On Boats and Containment

I have been trying to write this post for a while now, but only recently did Professor McCoy provide me with the lens to critically think about what I am attempting to discuss in this post- containment.

I grew up on boats, yet I am terribly afraid of drowning. Starting at age four, my father and I went on canoe camping trips every year in the Adirondacks. I started sailing with him at age six, and at age ten, I learned to sail on my own. My family vacations always include water, usually going to the Thousand Islands or the Adirondacks and bringing a few of our eleven and a half boats (my dad is currently building one) with us. To add insult to injury, I was a competitive swimmer in high school. What I am trying to say is that I have absolutely no reason to be afraid of drowning.

Most likely because of this background, my reading of Superstorm was focused on the voyage of the Bounty. The experience of a boat in a storm is something I am both familiar with and something that terrifies me, and I also know what it is like to be waiting for someone to return from a storm.

The thing about boats is that they are a form of containment- the only barrier between you and the water around you, something that becomes painfully evident in a situation where that containment is no longer perfect. I can perfectly recall a situation where the boom broke on a sailboat my dad and I were on due to high winds. Obviously, we made it back okay thanks to his quick thinking but there was a very real possibility that we wouldn’t have figured it out and someone would have had to come rescue us or worse. That same day, my younger brothers were out in kayaks and waiting for them to get back was also nerve-wracking. Winds that break a sailboat create waves that can swamp a kayak.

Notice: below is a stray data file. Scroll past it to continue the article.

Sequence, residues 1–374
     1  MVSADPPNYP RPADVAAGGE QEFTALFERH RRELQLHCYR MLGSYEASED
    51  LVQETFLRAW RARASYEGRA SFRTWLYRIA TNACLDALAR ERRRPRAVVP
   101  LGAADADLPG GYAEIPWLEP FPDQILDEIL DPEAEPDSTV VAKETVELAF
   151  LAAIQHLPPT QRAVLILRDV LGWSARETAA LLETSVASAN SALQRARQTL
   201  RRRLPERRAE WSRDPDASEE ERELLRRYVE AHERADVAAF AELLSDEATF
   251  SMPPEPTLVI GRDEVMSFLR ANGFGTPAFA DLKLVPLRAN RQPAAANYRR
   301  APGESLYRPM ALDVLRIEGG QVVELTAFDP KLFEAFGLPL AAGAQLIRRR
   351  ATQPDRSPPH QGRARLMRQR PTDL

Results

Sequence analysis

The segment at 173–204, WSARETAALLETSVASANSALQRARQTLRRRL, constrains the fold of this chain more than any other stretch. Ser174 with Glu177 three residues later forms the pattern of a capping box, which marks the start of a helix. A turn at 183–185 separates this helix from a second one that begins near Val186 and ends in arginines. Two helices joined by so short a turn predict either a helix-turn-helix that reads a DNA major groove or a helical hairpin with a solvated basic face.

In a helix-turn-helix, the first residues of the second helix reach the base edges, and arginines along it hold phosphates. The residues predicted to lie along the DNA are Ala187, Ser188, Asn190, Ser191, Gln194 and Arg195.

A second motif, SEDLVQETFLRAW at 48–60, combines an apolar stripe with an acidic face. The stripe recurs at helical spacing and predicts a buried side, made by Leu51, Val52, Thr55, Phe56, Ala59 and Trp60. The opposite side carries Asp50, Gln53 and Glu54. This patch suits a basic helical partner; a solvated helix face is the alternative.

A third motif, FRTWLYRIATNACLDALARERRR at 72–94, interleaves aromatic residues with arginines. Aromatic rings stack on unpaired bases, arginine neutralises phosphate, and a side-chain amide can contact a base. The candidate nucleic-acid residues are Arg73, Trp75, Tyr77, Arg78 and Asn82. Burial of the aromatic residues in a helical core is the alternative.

In these situations, the containment of air against water itself was never broken. None of us took on more water than expected and the boats themselves were not leaking, but even the idea that the breakage of one part of the boat might mean the breaking of the seal that separates one from the water is unnerving. Viewing boats where this has happened is eerie- one of the things that my family likes to do in the Thousand Islands is to look at shipwrecks. There’s a pair of sunken boats called the Twisted Sisters (pictured above) that are easily viewed just by snorkeling- they were sunk on purpose to avoid being crushed by ice and simply never brought back up- and it is unsettling to view the relatively intact remains of the boats covered in mussels and algae, and somehow becomes even worse if you happen to see a fish swimming around the ruin. Even though I know they were put there on purpose, there is something deeply unnerving about a boat that no longer keeps out water, made that much worse by the elements that make that much more obvious, like the algae and the fish. The similarity of the wreck to a skeleton (hello Zone One) is also rather unsettling.

As such, it makes perfect sense to me why Colson Whitehead uses the language of water in Zone One, as discussed in class, to describe the skels. In a way, the barricaded area of Zone One is a boat floating in a sea of skels, and the possibility of the skels breaking that seal of containment is similar to a sailor’s fear of their boat leaking- both spell danger and death. Fittingly, I noticed the language of water most toward the end of the novel, after the wall is breached. The skels are described as a “black tide” and they “splash” through the streets of New York City after breaking the barrier.

However, water serves as a different kind of containing agent: it protects as well. Gary speaks of wanting to move to the island of Corsica, where water would keep the skels out. This goes against the use of water as a means to depict the skels and points out the dual role water plays of both something to be avoided and something that protects.

To conclude this post, I’d like to thank the reader for listening to my ramblings about my childhood and my attempts to connect them course concepts. It certainly has helped me to think about water as both something to be contained and something that contains in the context of my experiences with water, and I hope to hear from others who have had (or haven’t had!) similar experiences.

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